I’m one of the biggest proponents of patience but sometimes it just doesn’t make sense. The internet was made available to the public so that we can have access to information more quickly than we otherwise would. So why not make it as fast as we can? The following article by Federal Communications Commission Julius Genachowski explains why the United States “needs” (a word I’m not fond of but that’s neither here nor there) a faster, stronger internet.
Walking the floor of the Consumer Electronics Show last week, I kept thinking of that line from Jaws, “You’re going to need a bigger boat.” All the Internet-connected, data-hungry gadgets that are coming to market sent a strikingly clear message: we’re going to need faster broadband networks.
Making sure the U.S. has super-fast, high-capacity, ubiquitous broadband networks delivering speeds measured in gigabits, not megabits isn’t just a matter of consumer convenience, as important as that is. It’s essential to economic growth, job creation and U.S. competitiveness.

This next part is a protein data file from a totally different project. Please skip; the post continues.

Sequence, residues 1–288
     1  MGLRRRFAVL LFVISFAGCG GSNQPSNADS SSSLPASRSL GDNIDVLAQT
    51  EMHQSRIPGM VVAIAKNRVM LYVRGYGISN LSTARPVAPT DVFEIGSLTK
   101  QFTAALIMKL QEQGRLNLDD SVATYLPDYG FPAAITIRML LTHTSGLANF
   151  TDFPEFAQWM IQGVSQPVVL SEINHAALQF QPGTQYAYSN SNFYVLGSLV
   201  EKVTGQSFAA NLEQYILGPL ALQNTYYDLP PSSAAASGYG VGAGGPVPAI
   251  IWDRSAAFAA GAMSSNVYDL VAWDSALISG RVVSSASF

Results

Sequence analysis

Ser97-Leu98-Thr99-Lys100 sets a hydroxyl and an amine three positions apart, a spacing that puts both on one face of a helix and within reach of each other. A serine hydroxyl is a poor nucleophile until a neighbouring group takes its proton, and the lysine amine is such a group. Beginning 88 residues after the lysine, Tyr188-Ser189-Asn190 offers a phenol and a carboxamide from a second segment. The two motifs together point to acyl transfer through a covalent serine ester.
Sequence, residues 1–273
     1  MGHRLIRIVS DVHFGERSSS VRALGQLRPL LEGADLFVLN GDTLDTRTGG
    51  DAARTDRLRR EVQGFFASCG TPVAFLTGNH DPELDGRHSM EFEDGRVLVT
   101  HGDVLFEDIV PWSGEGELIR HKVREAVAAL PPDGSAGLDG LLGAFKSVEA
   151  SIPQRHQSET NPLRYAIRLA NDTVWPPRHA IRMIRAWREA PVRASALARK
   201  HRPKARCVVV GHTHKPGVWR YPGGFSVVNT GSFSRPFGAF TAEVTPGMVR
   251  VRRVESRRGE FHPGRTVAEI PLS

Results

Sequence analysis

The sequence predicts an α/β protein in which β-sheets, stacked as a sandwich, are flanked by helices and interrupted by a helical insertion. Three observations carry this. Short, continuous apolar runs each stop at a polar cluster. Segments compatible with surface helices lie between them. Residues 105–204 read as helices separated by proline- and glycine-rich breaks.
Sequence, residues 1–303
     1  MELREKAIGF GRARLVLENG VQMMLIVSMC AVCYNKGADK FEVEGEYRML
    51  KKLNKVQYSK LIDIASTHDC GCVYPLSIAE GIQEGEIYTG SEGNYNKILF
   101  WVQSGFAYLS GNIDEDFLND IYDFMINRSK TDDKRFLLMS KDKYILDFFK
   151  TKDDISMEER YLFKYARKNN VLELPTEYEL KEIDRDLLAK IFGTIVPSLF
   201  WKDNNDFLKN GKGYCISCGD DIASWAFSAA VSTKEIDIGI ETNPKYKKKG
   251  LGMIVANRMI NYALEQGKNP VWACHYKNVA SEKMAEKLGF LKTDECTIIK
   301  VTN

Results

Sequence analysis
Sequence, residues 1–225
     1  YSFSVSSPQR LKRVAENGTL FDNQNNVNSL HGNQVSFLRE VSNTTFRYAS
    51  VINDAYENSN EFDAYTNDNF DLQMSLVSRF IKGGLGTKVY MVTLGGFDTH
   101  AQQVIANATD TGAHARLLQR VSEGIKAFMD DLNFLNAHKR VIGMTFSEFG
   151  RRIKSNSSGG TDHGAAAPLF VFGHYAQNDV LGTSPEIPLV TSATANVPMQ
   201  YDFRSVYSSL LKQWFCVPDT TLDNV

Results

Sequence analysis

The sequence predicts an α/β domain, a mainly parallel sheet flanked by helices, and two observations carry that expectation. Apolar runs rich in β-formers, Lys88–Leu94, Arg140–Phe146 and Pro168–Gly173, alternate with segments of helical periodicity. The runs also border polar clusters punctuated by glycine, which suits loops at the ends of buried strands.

In our 21st century economy, innovation leadership is necessary for economic leadership. Our broadband infrastructure is our central platform for innovation, and faster speeds will spur innovation.
In a global economy, talent and capital can flow anywhere, and they’ll flow to countries with the strongest innovation infrastructure. We’re in a global bandwidth race, and we need to ensure the U.S. has a strategic bandwidth advantage. Without it, we risk losing our global lead on innovation, and we risk watching jobs and investment flow elsewhere.
The good news is that there’s lots of good news. After falling behind Asia and Europe, we’ve regained global leadership in mobile.
The U.S. is the first country to deploy 4G wireless networks at scale and is home to most of the world’s LTE subscribers, making the United States the global test bed for LTE apps and services.
The mobile “apps economy,” which has already created hundreds of thousands of jobs, is a made-in-the-USA phenomenon.
On the wired side, broadband networks capable of 100 megabits per second speeds passed less that 20% of U.S. homes in 2009. That number is now more than 80%, which is near the world lead. By contrast, in Europe, networks capable of 30 megabits per second reach only 50% of households.
For the article in its entirety, visit Forbes.